• There could be 6 generation
  • Indian meal moth Plodia interpunctella
    • Has European origin
    • Moth with a natural parasite (Bracon hebetor)
    • Identification (moth): base of forewings gray, half of the wing is reddish brown; black legs; conical head
    • Identification (larva): creamish with pinkish tinge and light brown head, make extensive webbing
    • Lifecycle: 4 to 6 weeks
    Meal moth larvae Bracon hebetor
  • Damage by Indian meal moth
    • Pest with a wide host range
    • Rapid lifecycle (4 wk)
    • Destroys stored grain by
      • Directly feeding on grain
      • Producing silken tunnels
      • Contaminating grain with excreta
  • Mediterranean flour moth Ephestia kuhniella
    • First reported from NA in 1889
    • Identification :
    • Moth had gray wings with zigzag line that may not be very clear
    • Hindwings are white with hairy margin
    • Eggs are laid in clusters on food or sacks or cracks
    • Larva is damaging: whitish or pinkish with hardened head capsule, spin silken tubes in flour
    • Pupate in silken cocoons
    • Lifecycle: 9 to 10 weeks
    • Modern fumigation methods have reduced pest status
    • Caterpillars web together flour and live inside
    • Flour is favorite but whole grain may be attacked
    • Moths may be monitored using pheromone traps
    Feeding injury by mediterranean flour moth
  • Storage temp. vs. Insect activity
  • 0 150 300 450 0 1 2 3 4 No. of Insects Months The number of insects present at the start of storage is critical Treat the storage areas and harvest at the right time to cut postharvest losses!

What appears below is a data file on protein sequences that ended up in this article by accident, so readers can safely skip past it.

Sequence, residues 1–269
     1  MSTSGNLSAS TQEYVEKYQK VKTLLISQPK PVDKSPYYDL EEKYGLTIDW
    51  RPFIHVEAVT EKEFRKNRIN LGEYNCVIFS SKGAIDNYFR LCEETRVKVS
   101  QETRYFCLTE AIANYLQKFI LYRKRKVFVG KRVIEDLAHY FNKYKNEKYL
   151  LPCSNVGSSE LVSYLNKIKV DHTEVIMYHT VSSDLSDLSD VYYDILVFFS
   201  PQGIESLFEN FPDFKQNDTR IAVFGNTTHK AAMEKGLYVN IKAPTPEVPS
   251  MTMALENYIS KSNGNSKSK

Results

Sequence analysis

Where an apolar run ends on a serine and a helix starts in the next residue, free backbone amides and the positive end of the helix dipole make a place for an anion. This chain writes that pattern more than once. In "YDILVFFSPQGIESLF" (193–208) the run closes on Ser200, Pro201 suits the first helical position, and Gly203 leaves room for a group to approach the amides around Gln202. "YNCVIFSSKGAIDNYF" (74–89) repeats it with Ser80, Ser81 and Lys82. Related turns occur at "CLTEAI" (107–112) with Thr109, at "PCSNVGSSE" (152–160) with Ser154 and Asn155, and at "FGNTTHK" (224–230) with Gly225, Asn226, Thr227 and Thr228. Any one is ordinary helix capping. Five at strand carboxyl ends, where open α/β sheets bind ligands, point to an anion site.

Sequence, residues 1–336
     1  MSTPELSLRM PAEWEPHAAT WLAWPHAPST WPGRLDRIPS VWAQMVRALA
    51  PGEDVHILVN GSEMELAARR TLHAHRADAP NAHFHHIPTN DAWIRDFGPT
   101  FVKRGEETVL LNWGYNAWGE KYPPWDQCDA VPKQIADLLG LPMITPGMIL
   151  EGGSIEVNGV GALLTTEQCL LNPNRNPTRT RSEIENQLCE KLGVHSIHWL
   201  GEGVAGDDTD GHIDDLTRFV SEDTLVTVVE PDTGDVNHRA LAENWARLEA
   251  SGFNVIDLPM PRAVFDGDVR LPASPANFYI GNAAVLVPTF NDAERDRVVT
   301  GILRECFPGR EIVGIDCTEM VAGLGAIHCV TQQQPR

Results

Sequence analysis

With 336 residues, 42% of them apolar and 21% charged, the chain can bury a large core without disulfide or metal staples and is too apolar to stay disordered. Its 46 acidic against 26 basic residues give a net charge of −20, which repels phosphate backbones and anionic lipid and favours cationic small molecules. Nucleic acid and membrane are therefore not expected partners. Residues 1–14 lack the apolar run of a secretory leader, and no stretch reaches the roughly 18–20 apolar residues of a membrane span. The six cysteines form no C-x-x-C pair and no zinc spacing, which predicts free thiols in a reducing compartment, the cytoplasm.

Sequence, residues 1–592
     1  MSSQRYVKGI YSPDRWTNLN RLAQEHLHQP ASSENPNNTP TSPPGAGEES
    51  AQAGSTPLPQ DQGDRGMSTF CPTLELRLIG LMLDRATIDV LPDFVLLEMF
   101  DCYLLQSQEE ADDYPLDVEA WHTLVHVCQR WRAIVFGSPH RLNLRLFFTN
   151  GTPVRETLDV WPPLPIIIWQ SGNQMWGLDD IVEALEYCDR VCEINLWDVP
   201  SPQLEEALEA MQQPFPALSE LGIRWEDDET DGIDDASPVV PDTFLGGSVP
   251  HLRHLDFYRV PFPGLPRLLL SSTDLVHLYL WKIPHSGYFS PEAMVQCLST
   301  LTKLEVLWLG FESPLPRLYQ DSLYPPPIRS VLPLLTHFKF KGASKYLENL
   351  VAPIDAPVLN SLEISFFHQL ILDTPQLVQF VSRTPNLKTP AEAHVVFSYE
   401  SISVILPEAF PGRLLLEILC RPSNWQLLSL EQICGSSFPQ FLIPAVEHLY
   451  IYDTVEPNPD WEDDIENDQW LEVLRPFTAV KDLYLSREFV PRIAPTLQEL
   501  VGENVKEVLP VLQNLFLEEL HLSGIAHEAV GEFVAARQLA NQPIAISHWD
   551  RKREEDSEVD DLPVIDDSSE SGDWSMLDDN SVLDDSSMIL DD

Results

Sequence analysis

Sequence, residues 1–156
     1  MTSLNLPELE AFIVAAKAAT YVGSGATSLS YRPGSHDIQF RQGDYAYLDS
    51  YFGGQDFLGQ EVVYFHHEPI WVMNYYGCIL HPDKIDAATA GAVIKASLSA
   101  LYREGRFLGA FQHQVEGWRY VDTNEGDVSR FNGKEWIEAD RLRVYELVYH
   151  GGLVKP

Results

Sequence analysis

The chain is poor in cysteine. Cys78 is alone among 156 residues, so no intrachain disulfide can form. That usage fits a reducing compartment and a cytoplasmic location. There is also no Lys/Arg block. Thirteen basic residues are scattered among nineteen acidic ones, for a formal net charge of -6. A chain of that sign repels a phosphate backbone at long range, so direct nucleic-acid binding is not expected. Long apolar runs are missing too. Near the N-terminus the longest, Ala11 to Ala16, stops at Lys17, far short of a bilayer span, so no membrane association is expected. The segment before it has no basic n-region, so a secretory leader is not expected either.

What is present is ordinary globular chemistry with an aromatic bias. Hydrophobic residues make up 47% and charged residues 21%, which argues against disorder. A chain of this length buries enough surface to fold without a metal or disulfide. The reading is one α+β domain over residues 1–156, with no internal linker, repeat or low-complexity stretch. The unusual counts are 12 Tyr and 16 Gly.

• Back to basics…
    • In USA, stored product losses have been enormous due to rice or maize weevils.
    • Reduction of losses:
      • By sanitation or hygiene – need of good plant design, stacking, sweeping, vacuum cleaning, and efficient disposal of infested debris
      • Use of monitoring devices – light traps (cigarette beetle, med. flour moth), pheromone traps (delta traps for Angoumois grain moth, Indian meal moth), floor traps (sawtooth grain beetle, drugstore beetle, etc.)
      • By using fumigants & contact insecticides
      • By improved storage/packaging: more research??
    Source: Page & Lubatti (1963), Parkin (1956), Fields & White (2002)
  • Back to basics…
    • Mode of action: fumigants intervene ATP formation, upset enzyme systems, action is rapid
    • The rate of uptake of fumigant by insects depends on the rate of fixation in tissues
    • Insects that may seem to recover can have sublethal effects
    • Success of fumigation depends largely on even distribution of fumigant and on penetration.
    Source: Page & Lubatti (1963), Parkin (1956), Fields & White (2002)
  • QUESTIONS?